Take a realistic example to illustrate the distinction between the first and second statements, relevant especially to U.S. allies in Seoul and Tokyo. Imagine that North Korea has begun to disperse nuclear warheads to ballistic missile operating areas. U.S. and allied intelligence believe North Korean leader Kim Jong Un is in the early stages of a preemptive nuclear attack. This attack may be the result of a miscalculation by North Korea, or it may be a response to an allied attempt to attack or invade. The specifics of why Kim is readying nuclear missiles are unimportant. Under existing U.S. nuclear policy, the fact of North Korean launch preparations may not trigger the use of nuclear weapons, but U.S. allies could reasonably expect that a U.S. president would at the very least contemplate the preemptive use of nuclear weapons to maximize the probability that North Korean missiles are successfully destroyed. The United States could consider employing precision-guided conventional munitions, but the task of finding, fixing, and finishing North Korean missile launchers may be too difficult and risky. An American president consulting with military advisors may be told that the prospects for disarming North Korea are significantly higher if he or she uses nuclear weapons to do so, rather than conventional weapons.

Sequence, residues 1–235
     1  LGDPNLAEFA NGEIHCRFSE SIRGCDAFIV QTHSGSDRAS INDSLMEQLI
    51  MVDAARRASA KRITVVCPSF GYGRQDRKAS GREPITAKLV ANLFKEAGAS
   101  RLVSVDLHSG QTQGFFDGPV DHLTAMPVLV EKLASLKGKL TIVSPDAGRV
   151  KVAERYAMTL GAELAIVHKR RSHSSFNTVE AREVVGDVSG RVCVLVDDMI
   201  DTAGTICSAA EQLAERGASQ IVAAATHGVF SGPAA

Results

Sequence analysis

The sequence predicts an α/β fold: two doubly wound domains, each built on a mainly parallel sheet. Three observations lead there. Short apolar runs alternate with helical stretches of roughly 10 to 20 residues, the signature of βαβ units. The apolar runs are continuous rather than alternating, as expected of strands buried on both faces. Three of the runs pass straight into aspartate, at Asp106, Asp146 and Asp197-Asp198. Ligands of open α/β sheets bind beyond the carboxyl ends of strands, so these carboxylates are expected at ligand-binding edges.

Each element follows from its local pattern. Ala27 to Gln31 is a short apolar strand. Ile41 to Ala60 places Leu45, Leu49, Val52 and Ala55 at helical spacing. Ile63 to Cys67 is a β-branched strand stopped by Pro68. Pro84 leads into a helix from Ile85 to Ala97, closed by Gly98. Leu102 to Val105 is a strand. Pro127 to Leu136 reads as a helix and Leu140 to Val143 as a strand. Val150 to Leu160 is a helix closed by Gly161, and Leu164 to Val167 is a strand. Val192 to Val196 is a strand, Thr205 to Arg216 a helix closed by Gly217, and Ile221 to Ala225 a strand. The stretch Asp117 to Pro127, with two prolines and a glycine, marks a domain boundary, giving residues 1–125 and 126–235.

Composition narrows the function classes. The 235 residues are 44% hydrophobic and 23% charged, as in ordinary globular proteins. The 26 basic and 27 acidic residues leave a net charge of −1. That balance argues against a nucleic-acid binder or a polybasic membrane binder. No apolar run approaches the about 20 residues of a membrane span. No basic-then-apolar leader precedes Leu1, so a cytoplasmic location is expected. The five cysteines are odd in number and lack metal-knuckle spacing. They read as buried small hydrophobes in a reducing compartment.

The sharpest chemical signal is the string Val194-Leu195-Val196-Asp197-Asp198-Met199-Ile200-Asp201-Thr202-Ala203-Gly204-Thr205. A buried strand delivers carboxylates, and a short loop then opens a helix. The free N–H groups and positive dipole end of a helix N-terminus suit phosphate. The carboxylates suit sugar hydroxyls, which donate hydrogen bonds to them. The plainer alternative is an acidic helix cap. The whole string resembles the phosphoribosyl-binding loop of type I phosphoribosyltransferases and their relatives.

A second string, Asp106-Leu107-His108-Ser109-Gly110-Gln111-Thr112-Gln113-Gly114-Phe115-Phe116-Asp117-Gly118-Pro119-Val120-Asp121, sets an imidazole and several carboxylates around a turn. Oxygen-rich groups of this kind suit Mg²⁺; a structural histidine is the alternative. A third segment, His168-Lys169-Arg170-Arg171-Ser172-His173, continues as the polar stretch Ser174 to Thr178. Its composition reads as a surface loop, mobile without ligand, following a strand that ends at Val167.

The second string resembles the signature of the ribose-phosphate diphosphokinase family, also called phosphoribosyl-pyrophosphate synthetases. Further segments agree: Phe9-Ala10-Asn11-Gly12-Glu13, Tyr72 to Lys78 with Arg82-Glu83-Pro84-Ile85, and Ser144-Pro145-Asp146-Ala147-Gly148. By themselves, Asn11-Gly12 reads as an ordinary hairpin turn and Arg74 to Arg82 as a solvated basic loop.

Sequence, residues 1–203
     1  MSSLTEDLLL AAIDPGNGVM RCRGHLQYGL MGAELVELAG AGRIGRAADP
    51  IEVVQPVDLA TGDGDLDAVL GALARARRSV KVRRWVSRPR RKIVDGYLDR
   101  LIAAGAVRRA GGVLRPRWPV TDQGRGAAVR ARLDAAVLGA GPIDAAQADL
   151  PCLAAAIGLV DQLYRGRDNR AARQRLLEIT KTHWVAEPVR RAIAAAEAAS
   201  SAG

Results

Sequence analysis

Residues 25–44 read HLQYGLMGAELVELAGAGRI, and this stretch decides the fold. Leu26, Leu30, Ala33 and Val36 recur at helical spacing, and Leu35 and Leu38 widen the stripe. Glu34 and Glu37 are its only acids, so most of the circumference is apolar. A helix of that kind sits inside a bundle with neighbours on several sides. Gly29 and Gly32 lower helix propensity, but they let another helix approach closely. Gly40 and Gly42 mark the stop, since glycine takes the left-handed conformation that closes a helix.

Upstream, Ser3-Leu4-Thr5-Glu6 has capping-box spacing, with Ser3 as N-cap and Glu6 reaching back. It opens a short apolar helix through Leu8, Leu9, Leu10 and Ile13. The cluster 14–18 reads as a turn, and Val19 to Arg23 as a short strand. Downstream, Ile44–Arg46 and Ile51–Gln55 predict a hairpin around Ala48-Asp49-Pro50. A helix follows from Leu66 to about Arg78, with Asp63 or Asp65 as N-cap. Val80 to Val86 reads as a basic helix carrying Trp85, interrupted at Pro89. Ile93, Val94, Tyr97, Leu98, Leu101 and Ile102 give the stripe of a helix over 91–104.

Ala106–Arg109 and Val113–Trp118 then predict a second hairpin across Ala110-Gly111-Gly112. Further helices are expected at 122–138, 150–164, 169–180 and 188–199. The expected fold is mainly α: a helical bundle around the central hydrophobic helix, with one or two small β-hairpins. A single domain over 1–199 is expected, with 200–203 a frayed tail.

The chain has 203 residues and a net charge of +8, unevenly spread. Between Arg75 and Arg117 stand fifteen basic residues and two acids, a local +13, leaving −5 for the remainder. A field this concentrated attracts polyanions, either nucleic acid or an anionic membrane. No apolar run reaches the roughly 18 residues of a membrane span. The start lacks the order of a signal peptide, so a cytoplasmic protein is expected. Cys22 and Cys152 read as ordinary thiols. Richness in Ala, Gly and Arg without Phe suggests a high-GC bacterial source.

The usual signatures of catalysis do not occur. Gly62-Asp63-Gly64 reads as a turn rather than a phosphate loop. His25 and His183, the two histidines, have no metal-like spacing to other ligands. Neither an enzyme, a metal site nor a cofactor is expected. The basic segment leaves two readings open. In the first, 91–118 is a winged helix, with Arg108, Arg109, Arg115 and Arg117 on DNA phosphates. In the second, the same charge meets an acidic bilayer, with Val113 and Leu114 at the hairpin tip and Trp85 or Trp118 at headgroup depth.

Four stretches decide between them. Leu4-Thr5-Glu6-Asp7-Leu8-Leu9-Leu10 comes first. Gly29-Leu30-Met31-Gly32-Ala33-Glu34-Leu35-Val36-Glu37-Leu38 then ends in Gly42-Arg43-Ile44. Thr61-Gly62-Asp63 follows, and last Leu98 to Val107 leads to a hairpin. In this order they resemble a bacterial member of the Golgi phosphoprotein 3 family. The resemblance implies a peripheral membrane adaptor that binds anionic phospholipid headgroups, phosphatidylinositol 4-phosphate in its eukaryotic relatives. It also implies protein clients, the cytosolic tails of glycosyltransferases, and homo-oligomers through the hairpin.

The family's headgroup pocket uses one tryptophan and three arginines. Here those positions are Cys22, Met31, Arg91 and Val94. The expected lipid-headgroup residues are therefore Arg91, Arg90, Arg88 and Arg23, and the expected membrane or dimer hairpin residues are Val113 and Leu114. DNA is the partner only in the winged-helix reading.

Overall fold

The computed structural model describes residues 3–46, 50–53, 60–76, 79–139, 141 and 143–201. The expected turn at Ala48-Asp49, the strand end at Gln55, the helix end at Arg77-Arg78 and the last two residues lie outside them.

In this scenario, the first statement leaves little wiggle room. Under a strict interpretation, only after the launch of the first North Korean nuclear warhead — or even more strictly, after the first detonation — on allied soil could the United States then contemplate nuclear use. Such a scenario, along with concerns about China’s growing conventional missile arsenal, is largely why Tokyo has strongly opposed sole purpose in the past. The second sole purpose formulation, however, leaves the matter open. If the sole purpose of U.S. nuclear weapons is to deter nuclear attacks, then it follows that the president could threaten nuclear first use in a crisis to deter an adversary from following through on preparations to launch nuclear weapons. Critically, unlike a no-first-use pledge and sole purpose option 1, the second sole purpose formulation does not make any statement about the conditions under which the United States would use nuclear weapons. Instead, it merely describes the purpose of the U.S. nuclear arsenal, leaving a wider scope of employment, including first use, if it were in the service of “deterring nuclear attacks” against the United States or its allies. Instead of constraining use, option 2 explains to allies and adversaries alike that the role of nuclear weapons and nuclear threats is limited to nuclear deterrence, which may include threats of preemption or even broader use options that seek to deter nuclear use. It is these latter possibilities that distinguish the second sole purpose statement from the first.